“I was handcuffed and treated like a criminal. I was taken to my camp to collect belongings, but how could I collect and pack the luggage since my hands were chained?” said another Nepali worker, according to Amnesty.
Some of these Nepali workers were expelled on March 15 and others on March 19. None of these workers were able to challenge their detention or expulsion and some shared that the police threatened to bring criminal charges against them and keep them in the detention facility longer if they complained or tried to challenge the situation.
The human rights advocacy group has called on the Qatar authorities to ensure that any worker detained and threatened with expulsion is informed of the reasons and allowed to challenge them. Furthermore, it urged that Qatar should also ensure effective remedy and reparation for any worker whose rights have been violated.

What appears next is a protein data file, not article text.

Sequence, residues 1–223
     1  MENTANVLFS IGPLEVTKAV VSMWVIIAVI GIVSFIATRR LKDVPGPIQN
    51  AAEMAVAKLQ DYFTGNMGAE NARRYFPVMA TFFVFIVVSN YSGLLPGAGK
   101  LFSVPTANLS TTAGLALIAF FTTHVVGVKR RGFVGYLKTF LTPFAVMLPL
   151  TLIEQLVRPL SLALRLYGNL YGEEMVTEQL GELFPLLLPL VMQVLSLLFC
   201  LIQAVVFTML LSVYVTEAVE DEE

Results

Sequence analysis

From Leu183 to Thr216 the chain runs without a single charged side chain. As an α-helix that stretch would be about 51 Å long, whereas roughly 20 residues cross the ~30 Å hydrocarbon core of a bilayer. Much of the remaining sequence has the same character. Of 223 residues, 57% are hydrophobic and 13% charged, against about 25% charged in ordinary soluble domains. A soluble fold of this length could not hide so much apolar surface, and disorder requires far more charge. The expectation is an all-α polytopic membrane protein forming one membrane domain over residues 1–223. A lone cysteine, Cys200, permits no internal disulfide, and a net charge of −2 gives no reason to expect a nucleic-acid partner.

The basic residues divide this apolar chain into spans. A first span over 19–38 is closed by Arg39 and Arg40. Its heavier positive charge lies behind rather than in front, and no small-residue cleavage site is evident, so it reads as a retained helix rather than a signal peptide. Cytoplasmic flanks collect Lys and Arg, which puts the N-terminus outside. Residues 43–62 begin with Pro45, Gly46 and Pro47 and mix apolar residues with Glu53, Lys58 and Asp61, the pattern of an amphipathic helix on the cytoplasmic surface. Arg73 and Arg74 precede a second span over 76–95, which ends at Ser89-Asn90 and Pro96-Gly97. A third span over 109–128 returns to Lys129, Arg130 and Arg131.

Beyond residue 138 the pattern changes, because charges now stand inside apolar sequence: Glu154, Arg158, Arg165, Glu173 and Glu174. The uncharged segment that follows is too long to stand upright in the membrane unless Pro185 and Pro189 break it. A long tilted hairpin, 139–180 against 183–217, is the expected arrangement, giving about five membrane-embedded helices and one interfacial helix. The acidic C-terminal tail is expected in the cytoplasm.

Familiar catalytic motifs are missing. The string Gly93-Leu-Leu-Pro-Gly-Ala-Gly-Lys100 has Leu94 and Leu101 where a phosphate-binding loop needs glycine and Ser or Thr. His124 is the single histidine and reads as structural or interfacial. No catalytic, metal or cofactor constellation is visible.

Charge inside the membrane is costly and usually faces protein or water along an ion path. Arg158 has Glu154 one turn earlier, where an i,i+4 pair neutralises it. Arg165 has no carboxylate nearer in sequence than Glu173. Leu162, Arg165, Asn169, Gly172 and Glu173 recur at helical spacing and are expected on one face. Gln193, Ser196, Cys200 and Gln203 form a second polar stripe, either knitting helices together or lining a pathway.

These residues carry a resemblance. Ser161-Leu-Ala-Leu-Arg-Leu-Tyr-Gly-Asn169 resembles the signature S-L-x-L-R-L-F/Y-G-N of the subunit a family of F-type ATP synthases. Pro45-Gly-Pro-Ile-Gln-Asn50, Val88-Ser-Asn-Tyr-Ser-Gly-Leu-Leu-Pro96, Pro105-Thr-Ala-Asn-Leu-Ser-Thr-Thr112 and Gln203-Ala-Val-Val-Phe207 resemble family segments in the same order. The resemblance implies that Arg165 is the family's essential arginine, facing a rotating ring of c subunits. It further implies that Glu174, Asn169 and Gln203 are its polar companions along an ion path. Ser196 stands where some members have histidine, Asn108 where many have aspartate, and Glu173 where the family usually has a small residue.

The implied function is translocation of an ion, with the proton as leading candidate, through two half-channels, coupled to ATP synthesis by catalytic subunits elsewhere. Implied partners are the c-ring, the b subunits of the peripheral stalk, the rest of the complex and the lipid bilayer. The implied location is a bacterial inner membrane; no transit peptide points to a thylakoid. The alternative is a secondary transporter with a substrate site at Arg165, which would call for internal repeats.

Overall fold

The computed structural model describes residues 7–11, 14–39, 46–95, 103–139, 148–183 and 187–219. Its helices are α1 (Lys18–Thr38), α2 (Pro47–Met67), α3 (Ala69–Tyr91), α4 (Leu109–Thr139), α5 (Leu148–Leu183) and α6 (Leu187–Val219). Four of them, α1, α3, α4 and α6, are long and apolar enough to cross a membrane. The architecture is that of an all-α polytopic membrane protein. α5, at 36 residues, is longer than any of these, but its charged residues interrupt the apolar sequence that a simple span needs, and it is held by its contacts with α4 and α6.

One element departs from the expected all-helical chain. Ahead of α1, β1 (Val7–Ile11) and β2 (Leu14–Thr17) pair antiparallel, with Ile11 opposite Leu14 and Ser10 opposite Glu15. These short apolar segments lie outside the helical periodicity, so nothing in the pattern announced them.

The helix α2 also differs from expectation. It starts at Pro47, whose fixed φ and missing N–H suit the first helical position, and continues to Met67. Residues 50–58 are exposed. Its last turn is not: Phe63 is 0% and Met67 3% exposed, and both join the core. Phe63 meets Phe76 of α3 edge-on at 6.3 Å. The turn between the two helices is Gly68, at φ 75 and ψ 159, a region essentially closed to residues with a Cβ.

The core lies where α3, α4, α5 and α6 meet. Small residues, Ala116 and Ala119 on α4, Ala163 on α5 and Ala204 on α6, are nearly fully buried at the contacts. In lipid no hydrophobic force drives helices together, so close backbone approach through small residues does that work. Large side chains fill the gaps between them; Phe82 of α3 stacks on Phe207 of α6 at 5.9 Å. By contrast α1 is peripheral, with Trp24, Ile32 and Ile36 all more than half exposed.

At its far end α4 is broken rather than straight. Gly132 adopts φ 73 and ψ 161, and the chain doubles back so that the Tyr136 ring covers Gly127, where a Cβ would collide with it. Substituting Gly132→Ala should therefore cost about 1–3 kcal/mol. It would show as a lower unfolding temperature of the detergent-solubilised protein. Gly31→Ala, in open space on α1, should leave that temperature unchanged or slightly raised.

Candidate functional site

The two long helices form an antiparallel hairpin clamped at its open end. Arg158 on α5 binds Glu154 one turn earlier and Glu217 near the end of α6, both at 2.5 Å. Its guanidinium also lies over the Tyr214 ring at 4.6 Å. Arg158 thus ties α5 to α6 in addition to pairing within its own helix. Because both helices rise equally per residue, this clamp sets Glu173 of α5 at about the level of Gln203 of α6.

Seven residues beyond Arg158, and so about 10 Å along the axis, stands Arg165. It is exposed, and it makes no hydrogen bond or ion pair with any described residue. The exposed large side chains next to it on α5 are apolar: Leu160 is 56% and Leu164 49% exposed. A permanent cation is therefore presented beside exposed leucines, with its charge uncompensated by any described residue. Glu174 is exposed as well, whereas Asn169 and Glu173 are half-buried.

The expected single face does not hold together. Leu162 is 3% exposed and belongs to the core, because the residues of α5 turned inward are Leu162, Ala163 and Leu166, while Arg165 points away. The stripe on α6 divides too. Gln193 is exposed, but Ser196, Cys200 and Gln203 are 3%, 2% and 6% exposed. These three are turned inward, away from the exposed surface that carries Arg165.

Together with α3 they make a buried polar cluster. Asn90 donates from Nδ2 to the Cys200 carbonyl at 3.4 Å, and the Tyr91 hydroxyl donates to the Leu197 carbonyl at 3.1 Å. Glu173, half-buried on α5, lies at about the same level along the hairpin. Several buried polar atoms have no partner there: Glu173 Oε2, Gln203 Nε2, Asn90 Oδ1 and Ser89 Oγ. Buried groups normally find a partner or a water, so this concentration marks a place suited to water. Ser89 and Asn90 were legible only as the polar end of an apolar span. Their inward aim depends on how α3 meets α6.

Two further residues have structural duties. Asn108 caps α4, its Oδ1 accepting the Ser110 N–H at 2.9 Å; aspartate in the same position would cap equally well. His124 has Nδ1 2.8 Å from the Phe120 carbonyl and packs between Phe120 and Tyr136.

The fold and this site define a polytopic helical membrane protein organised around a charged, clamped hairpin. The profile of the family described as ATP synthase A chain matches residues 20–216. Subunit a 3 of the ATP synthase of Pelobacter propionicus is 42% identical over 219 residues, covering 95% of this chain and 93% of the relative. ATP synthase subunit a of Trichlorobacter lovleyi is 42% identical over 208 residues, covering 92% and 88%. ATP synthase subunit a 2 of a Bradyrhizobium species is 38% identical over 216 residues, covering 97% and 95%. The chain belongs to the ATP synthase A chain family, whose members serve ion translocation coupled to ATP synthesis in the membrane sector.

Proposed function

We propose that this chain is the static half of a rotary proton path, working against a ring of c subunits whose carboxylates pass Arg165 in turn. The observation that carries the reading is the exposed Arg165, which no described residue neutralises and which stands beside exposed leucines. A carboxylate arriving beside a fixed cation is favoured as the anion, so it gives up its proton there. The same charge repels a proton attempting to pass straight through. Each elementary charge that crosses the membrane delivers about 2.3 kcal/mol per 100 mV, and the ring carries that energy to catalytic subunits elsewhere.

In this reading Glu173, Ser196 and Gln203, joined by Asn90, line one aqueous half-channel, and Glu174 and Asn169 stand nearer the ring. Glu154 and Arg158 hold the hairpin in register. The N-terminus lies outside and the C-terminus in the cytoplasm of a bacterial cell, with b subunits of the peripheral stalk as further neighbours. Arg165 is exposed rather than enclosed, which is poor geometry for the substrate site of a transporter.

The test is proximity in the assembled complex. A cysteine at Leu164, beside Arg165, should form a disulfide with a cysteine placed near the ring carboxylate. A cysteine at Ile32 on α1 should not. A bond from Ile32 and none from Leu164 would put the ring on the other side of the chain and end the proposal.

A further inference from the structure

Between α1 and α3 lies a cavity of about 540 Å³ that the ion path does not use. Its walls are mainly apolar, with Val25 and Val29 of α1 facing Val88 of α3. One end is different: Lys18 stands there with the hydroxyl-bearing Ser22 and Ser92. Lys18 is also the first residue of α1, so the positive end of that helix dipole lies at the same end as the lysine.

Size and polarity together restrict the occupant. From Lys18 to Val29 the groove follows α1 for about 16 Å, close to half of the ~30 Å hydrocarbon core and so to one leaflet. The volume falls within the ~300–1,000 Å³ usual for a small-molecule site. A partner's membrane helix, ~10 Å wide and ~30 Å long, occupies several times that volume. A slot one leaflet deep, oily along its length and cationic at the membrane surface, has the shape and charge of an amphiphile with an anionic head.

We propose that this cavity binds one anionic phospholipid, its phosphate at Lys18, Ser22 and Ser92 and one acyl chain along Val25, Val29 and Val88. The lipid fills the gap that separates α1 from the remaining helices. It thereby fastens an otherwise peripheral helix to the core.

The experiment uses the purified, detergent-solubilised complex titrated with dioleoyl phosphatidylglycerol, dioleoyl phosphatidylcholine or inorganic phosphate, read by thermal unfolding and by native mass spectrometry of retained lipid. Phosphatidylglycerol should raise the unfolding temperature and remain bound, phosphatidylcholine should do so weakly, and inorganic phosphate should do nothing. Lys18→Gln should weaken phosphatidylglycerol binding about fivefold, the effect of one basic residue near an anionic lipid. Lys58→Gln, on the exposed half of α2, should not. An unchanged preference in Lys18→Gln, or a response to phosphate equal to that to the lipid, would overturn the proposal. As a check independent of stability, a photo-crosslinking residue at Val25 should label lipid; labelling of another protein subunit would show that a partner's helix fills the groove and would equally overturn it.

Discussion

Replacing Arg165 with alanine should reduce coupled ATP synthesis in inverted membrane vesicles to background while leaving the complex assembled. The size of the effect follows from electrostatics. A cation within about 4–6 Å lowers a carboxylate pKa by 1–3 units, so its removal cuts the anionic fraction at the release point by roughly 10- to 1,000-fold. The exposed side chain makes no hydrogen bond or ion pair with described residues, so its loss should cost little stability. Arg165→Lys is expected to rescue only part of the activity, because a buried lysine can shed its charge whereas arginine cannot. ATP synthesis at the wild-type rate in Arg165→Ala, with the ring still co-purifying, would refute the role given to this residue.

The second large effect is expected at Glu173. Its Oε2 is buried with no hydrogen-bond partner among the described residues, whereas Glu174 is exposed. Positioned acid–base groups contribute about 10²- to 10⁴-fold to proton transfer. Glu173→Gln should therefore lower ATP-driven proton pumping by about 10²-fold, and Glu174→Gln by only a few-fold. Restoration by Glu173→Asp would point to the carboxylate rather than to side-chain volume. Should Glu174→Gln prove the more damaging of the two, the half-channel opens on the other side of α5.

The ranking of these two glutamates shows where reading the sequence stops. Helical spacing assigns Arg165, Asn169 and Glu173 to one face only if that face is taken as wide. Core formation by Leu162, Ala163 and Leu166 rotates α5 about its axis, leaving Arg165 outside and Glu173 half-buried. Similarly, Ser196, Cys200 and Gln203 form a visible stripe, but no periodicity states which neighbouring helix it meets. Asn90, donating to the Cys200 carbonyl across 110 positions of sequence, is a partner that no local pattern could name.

The Qatari authorities must also ensure all migrant workers’ right to health is fully protected during the Covid-19 crisis, said the statement.
“The authorities must provide reparations for the way that these men have been treated, and consider allowing those who have been expelled to return to Qatar if they so wish,” Cockburn added in the statement. “The men’s employers must also urgently pay the salary and employment benefits they are owed.”